In Yucatan, hammocks aren’t just an every-once-in-a-while spot to nap. Homes are built with sturdy clips cemented into the walls and many choose this mode of sleeping over a bed. So, these hammocks are made with that in mind—quality, durability and comfort are top-notch. Stop by one of their storefront locations to pick your favorite and see in person the effort that goes into the art of making a hammock.
Make it a Farm Day at Hacienda Zamna
We can promise you’ll never want to leave Hacienda Zamna, located 25 minutes from the city of Mérida. Regardless of your equestrian skill level, you can escape to their pastures for 1-4 hour horseback rides with an expert guide. The grounds are absolutely gorgeous and pristine, the staff is incredibly friendly and knowledgeable and kids will get a kick out of the sheep, goats and pigs they see along the way—they may even get a peek at some newborns!
This is seriously one of the most gorgeous and kindly farms we’ve come across in our travels. It’s a must-see and a beautiful way to spend a day disconnected from technology, but connected as a family.
Ogle at the Beauty of Chichen Itza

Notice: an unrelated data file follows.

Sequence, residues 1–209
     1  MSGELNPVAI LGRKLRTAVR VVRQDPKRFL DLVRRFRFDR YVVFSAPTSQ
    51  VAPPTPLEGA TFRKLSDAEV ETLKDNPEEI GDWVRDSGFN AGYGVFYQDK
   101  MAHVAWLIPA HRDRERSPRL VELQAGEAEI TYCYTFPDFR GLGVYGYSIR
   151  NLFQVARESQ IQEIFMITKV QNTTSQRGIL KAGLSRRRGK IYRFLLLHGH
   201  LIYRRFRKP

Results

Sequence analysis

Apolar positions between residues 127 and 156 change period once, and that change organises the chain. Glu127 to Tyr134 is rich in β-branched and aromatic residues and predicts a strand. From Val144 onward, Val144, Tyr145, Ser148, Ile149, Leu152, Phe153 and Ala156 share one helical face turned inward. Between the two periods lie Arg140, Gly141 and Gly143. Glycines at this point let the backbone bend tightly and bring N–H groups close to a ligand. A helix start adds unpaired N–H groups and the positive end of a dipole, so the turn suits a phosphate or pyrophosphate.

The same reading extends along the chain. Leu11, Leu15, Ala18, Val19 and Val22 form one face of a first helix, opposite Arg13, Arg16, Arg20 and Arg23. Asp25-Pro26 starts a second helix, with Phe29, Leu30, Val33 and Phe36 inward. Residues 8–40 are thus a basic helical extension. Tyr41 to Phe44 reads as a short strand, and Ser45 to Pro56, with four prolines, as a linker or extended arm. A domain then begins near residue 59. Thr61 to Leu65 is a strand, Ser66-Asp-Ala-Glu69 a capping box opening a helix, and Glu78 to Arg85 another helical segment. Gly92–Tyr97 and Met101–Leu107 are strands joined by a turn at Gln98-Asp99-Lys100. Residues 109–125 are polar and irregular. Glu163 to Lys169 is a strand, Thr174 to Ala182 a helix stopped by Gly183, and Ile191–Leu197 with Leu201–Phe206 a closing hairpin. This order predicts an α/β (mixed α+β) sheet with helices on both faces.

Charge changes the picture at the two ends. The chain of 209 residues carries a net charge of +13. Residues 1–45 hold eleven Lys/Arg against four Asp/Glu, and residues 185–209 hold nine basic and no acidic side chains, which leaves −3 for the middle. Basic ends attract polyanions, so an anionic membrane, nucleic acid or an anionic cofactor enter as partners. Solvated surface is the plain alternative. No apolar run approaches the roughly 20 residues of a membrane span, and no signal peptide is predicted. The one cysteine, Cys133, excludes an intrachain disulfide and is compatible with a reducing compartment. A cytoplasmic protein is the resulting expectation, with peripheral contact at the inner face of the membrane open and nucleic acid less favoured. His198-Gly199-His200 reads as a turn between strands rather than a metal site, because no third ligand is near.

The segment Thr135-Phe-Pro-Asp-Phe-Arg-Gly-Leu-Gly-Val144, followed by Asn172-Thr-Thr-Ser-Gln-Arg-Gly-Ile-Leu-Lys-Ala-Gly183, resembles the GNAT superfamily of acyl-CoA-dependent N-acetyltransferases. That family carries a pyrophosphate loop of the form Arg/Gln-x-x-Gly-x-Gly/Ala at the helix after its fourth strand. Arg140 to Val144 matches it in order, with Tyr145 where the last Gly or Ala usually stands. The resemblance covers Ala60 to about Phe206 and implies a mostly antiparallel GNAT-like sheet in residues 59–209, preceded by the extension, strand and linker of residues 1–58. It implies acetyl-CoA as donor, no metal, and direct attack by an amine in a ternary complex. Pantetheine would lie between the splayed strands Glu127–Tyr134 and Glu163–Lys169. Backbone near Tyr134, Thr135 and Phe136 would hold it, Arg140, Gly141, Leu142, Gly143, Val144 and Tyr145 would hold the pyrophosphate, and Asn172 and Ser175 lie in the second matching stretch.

The pages of your kid’s textbook will come alive with a day trip to see what was left behind from Mexico’s mysterious Mayan civilization. The signature Kukulkan Pyramid that dominates Chichen Itza, also known as El Castillo (the castle), was designated as one of the seven wonders of the world in 2007. Built as a physical representation of the Mayan calendar, it has 91 steps on each of the 4 sides totaling 364 steps and its 9 platforms bisected by a staircase on each side represent the 18 months in a Mayan calendar. It’s a shining example of the Mayan’s phenomenally intriguing understanding of math and astronomy.
Swim Like a Mayan at Ik Kil
A must-do if you head in the direction of Chichen Itza is a reprieve from the heat in the cool waters of the 135-feet-deep Ik Kil Cenote. If you’re unfamiliar, cenotes are natural sinkholes from the collapse of limestone that expose groundwater underneath, a natural swimming pool, essentially. And, Ik Kil is arguably one of the most beautiful in all of Mexico. Take the stairs 85 feet below ground level and imagine what it must have been like for the Mayans, who considered this sacred ground. The cold of the water and the natural beauty of the landscape equally pillage your breath.
Let Yourself Feel a Little Hip at Unknown Hotel
New to the scene is Unknown Hotel in Merida’s Santiago neighborhood. It’s a small boutique hotel, but every detail is well thought out, designed and executed. The goal is for guests to connect with the space and neighborhood and to have nature and architecture merge, which leads to a serene, natural feel to the property.
Each room has a seating area and some have a private plunge pool, as well as access to a swimming pool and garden area, restaurant and bar. It’s walkable to shops and restaurants but the inside is so peaceful, you forget you’re in a city.